Reviewer: Kerry James
To Hell and Back’ is a memoir detailing one policewoman’s trials and tribulations working within the ranks of the Victoria Police Force from the early 1980’s to the present day. Despite numerous instances of harassment, false accusations and character assassinations, the member still manages to maintain her sanity and perform her policing duties to the best of her ability. Ultimately, this is a story about one person’s struggle to say and do the right thing, to follow procedure, no matter what the eventual cost to herself or her career.
Review by Kerry James
A policewoman’s story’, To Hell and Back, might be a salutary lesson for all women who dare to retaliate against men’s bullying in male-dominated professions. It is brave, impassioned, and, ultimately, a sad and frustrating read.
Pethick was a most successful cop by all her accounts until she joined a station where a senior male officer made her life so difficult that she filed a complaint for bullying against him. Thus begins a sorry saga of red tape, of help promised within the system and not given, a malevolent Acting Superintendent, who blocked the action, and the women, who abetted him.
There are heroes: police officers who supported her throughout; and villains, who sought to put the image of the Victorian Police Force first. Pethick is not shy in calling, the Chief Commissioner Christine Nixon to book for failing to implement her much-vaunted ‘open door policy’ as her non-responses to Pethick’s increasingly desperate cries for justice mount, and her health and the happiness of her only daughter suffer. She is denied promotion and finds that the Ethical Standards Division has charges against her of so serious a nature that they could result in her dismissal or even imprisonment. Over time, her distress becomes so great that she becomes ill and heads to Work Cover.
In the end it appears that it is an error by the ESD which should never have happened or been allowed to get so far had the personnel involved for a crucial six months not acted ‘like sheep’ (p.136). It is a sadder and wiser woman who writes of her beloved Police Force,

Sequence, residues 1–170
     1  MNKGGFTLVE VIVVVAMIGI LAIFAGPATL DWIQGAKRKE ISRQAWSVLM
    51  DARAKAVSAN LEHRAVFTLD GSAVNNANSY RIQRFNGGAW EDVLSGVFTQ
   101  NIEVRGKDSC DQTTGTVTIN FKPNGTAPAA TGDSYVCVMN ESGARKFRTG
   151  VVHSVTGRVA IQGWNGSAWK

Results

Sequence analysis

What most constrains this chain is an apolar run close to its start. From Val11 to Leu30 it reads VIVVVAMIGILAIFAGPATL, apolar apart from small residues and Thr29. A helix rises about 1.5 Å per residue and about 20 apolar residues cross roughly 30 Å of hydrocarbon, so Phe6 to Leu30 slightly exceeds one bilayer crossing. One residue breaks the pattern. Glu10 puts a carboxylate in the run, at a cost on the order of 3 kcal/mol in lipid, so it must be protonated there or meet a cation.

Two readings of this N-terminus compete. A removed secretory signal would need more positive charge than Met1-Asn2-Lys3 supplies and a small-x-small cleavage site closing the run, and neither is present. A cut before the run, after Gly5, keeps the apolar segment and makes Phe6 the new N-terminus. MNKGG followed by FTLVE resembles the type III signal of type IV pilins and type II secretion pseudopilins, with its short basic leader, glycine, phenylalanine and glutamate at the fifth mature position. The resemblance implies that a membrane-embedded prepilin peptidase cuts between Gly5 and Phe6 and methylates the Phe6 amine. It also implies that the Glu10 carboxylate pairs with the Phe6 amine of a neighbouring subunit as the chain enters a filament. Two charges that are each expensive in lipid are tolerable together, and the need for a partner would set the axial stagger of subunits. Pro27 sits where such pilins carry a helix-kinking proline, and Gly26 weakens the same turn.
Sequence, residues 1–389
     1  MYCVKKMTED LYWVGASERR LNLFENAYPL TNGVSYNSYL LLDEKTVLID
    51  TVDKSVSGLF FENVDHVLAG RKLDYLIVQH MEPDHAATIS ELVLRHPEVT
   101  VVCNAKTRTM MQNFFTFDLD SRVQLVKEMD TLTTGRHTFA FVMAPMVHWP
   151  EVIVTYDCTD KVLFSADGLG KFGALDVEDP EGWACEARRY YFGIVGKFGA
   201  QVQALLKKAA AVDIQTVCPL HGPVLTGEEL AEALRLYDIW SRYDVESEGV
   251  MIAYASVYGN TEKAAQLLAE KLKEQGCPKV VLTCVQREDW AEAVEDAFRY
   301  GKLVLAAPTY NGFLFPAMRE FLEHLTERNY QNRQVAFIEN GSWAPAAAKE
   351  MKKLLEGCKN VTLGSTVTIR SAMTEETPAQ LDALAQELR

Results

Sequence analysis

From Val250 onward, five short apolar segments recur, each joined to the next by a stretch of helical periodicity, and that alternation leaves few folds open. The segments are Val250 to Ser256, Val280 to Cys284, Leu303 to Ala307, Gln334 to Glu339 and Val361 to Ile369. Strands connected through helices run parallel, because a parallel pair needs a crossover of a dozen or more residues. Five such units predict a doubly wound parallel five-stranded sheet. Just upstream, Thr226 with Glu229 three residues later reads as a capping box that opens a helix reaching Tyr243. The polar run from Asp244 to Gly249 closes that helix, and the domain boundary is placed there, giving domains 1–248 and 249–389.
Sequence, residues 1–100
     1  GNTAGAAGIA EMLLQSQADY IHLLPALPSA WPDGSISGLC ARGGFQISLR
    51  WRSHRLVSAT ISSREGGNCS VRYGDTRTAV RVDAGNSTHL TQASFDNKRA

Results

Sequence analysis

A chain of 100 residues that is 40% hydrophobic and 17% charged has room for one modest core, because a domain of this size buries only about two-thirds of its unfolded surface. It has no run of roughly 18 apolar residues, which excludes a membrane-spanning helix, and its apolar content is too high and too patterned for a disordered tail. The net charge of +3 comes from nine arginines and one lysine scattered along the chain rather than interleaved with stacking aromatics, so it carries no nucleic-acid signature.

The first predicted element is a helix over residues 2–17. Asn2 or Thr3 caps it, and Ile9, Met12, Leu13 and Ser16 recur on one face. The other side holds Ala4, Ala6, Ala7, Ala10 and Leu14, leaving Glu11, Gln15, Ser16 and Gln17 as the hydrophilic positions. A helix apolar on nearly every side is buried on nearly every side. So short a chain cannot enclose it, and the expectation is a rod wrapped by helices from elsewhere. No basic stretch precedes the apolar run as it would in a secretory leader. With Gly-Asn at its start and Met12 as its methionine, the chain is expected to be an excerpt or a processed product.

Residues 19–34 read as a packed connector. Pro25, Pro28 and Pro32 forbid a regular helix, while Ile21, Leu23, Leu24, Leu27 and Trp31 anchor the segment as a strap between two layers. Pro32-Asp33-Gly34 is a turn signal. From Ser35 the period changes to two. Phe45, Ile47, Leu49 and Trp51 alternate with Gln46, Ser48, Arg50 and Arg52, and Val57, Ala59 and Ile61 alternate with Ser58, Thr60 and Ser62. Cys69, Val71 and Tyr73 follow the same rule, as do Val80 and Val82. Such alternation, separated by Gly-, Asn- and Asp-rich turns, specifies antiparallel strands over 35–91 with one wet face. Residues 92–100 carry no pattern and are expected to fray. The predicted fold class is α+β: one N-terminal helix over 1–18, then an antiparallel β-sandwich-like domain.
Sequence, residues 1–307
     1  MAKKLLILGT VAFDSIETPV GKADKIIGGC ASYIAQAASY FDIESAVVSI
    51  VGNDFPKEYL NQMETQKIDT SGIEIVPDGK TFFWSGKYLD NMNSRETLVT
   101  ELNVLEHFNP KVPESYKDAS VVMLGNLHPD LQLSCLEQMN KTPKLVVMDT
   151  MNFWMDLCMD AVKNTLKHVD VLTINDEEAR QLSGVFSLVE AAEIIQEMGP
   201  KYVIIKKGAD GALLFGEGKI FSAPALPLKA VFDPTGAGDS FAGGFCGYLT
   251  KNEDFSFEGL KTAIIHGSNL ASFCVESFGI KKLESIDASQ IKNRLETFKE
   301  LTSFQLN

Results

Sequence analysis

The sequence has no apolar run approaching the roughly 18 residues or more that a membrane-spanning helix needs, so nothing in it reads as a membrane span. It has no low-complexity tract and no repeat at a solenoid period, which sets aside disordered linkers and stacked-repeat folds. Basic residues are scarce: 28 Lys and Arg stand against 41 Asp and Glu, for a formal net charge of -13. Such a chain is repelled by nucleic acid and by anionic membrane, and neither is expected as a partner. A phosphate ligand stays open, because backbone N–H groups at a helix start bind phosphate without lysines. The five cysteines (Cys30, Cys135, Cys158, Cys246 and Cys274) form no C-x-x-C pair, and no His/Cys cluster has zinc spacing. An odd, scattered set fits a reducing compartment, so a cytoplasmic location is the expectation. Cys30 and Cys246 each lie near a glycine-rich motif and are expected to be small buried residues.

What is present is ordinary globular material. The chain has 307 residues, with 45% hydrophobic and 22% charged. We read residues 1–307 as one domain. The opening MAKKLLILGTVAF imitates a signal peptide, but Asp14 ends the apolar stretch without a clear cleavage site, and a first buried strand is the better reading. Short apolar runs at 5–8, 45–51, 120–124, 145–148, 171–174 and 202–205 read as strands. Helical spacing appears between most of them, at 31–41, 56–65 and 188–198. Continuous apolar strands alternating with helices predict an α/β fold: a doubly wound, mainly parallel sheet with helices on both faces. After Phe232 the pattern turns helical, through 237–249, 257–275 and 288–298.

‘Once again the Police Department would never admit they were wrong. They would never admit they had made a mistake. … I know they would find something, no matter how trivial, to make certain that I would come out of this mess as the guilty party. The Police Department and especially the Ethical Standards Department were never wrong. I knew from all my years in the police force that neither would ever apologise. … No, they would dig as deep as needed to make certain that this was all my fault (p.130).
Pethick returned to work in an office capacity, determined not to raise her head above the parapet again, and retired in 2016 after almost thirty years of service. Her sister also apparently resigned from the force because of bullying. So, what have we gained since the 1980s when this fresh-faced high achiever achieved her dream of becoming a policewoman when she was just twenty-one?
This is not an easy read as much of it concerns bureaucratic rules and regulations within the forces and consists of emails as details of meetings and charges are hashed out. We, the readers, also are not in a position to independently verify most of this material, although there is no reason to doubt Pethick’s account, and it can make for passages of dry verbiage. A list of chapters and an index would have been helpful, even though almost all of the names have been changed to protect the ‘good guys’.
Pethick was almost broken by the systematic wrongs done to her. The final outcome was small comfort. ‘It was just an administrative error. Legally you cannot do anything about it,’ she was told. But this slim volume is her testament and it may serve to help others caught up in similar situations.